Property boundary lines are the imaginary borders of a piece of land. They are important because they allow a person to determine what property belongs to them both physically and on their deed documents.
They are also helpful for when there is a dispute between neighbors regarding whether one of the parties is infringing on the other party’s land.
For example, if Neighbor A wants to remove a tree that they believe is on their land, but it actually is within Neighbor B’s boundary lines who wants to keep the tree, then Neighbor B can raise a legal challenge against Neighbor A to stop removal.
In general, there are four basic boundary lines found on residential property lots. These are land, water, air, and subsurface. Each type of boundary line has a different set of rules to follow that describe how a person can determine them.
How are Land Boundary Lines Determined?
Land boundary lines are the type of property boundary lines that most people think of when there is a dispute. Normally, land boundary lines are defined by the deed to the property.
There are certain instances that arise, however, where there may have been an error with the deed or naturally occurring circumstances that led to the boundary line disappearing (e.g., mudslides slightly moving a fence that held the original land boundary lines).
In such a case, the deed may be challenged and can be superseded by the following actions:
- Agreed-to Boundary Line: When there is uncertainty as to the true boundary line and no reasonable way to determine where it lies, the parties may agree to set a new boundary line;
- Acquiescence: This occurs when a party implies consent by remaining silent about the actual boundary line. For example, if a person grows their garden onto their neighbor’s property, but the neighbor does not object to this action, then they have implied consent to the neighbor possibly owning up to that line of the property;
- Estoppel: Estoppel can be used where a prior legal decision determines the outcome of a current property dispute. For instance, if a prior case already defined the proper land boundary lines, then the current dispute can follow the lines described in that case; and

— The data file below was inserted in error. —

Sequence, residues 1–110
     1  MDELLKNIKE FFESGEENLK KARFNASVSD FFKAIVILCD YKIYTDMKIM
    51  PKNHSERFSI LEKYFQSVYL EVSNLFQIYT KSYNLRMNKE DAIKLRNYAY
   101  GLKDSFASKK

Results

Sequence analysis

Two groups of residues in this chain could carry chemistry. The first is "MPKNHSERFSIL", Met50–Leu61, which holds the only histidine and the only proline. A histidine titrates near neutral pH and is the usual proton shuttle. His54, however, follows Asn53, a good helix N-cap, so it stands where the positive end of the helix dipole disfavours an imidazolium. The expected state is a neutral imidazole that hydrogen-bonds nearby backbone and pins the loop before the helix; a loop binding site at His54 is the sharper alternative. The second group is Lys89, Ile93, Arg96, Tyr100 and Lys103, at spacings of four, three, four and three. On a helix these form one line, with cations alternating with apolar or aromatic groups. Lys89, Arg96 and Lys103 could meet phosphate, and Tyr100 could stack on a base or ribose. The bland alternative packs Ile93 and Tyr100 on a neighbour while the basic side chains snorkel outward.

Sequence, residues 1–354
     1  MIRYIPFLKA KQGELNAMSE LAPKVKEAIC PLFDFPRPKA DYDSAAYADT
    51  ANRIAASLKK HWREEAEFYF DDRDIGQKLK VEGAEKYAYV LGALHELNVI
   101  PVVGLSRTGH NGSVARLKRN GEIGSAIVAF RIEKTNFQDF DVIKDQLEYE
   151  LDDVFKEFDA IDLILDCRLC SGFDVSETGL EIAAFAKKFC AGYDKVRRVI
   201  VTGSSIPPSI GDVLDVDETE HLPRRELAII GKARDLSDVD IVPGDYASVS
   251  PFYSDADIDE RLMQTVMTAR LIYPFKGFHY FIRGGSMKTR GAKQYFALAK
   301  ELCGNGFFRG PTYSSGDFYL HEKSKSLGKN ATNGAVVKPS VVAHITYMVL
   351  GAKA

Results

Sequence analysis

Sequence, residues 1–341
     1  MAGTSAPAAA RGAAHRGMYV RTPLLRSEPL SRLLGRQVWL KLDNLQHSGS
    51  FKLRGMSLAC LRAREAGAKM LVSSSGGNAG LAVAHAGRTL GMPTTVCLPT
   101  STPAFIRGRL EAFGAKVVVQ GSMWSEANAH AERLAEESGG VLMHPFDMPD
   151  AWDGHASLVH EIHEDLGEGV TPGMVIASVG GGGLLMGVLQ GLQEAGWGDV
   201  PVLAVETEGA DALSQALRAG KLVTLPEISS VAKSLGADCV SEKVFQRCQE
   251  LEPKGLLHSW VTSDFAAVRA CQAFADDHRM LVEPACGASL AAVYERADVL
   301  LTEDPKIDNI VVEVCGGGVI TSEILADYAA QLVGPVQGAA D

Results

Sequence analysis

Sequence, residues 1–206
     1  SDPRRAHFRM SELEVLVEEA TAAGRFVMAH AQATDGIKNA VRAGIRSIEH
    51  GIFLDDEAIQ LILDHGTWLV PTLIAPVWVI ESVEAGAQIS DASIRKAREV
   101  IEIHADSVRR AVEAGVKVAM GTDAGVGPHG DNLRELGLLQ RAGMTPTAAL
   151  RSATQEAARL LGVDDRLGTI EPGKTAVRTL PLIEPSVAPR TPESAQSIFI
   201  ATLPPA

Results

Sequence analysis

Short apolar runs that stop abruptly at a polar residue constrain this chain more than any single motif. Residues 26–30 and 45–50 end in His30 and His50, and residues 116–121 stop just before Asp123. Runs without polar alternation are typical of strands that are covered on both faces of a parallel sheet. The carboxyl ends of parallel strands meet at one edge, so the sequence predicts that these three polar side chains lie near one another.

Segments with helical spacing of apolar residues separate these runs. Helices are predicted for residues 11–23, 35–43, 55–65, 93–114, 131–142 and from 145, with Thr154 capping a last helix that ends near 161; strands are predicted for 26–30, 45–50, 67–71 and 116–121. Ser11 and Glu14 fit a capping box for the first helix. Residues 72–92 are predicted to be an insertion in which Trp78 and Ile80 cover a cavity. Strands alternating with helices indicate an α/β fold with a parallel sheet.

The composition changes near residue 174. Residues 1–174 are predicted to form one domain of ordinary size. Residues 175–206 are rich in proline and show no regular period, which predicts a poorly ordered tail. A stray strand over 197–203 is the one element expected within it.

- Adverse Possession: The laws of adverse possession enable a person to obtain title to land by simply using it for the period of time specified by both state and federal laws.
How are Water Boundary Lines Determined?
There are two common law rules that address the issue of water boundary lines that may have moved over time. They include the following:
- Accretion: This occurs when the location of a water boundary line moves slowly due to the gradual buildup of soil. It is then said that the property line has shifted due to accretion. This usually means that the landowner has acquired an increase in land and has a right to the additional boundaries created.
- For example, if a house was originally closer to the shoreline of an ocean or lake, but over time there was a gradual increase of sand buildup because of the waves that moved the house farther away from the water, then the land in front of the house can be considered an accretion of property.
- Avulsion: In contrast, avulsion is a sudden change in the location of a water boundary. This can happen when there is a storm that floods the property and removes parts of the soil that were originally considered part of the land. If this occurs, then the initial property line is deemed not to have moved.
How are Air Boundary Lines Determined?
It has become increasingly accepted that a landowner only owns the portion of airspace that is reasonably necessary for the use of or enjoyment of their land. The airspace above the land is usually not included in the description of air boundary lines.
How are Subsurface Rights Established?
The traditional rule was that the ownership of land included ownership of everything underneath the land surface all the way down to the center of the earth. Now, as an exception to this rule, the surface owner does not necessarily own everything below the land.
This usually means that any subsurface materials, such as oil and gas, may not belong to the surface owner. Depending on the laws of the state, some state statutes assert that oil belongs to the first person to capture it through a process known as extraction.
Should I Contact an Attorney About My Boundary Line Dispute?
If you are uncertain as to your property’s true boundary lines, are attempting to recognize a new boundary line, or are involved in a dispute over current boundary lines, hiring a property attorney for legal advice could prove to be very beneficial to your case.
A local property attorney will be able to understand the complexities of title ownership and boundary line disputes. They also will know which laws apply in your particular jurisdiction and the best way to resolve your issues.
Not all legal actions necessarily need to end up in court, but whether they do or are instead settled using a method of alternative dispute resolution, a qualified property attorney will be able to provide assistance regardless.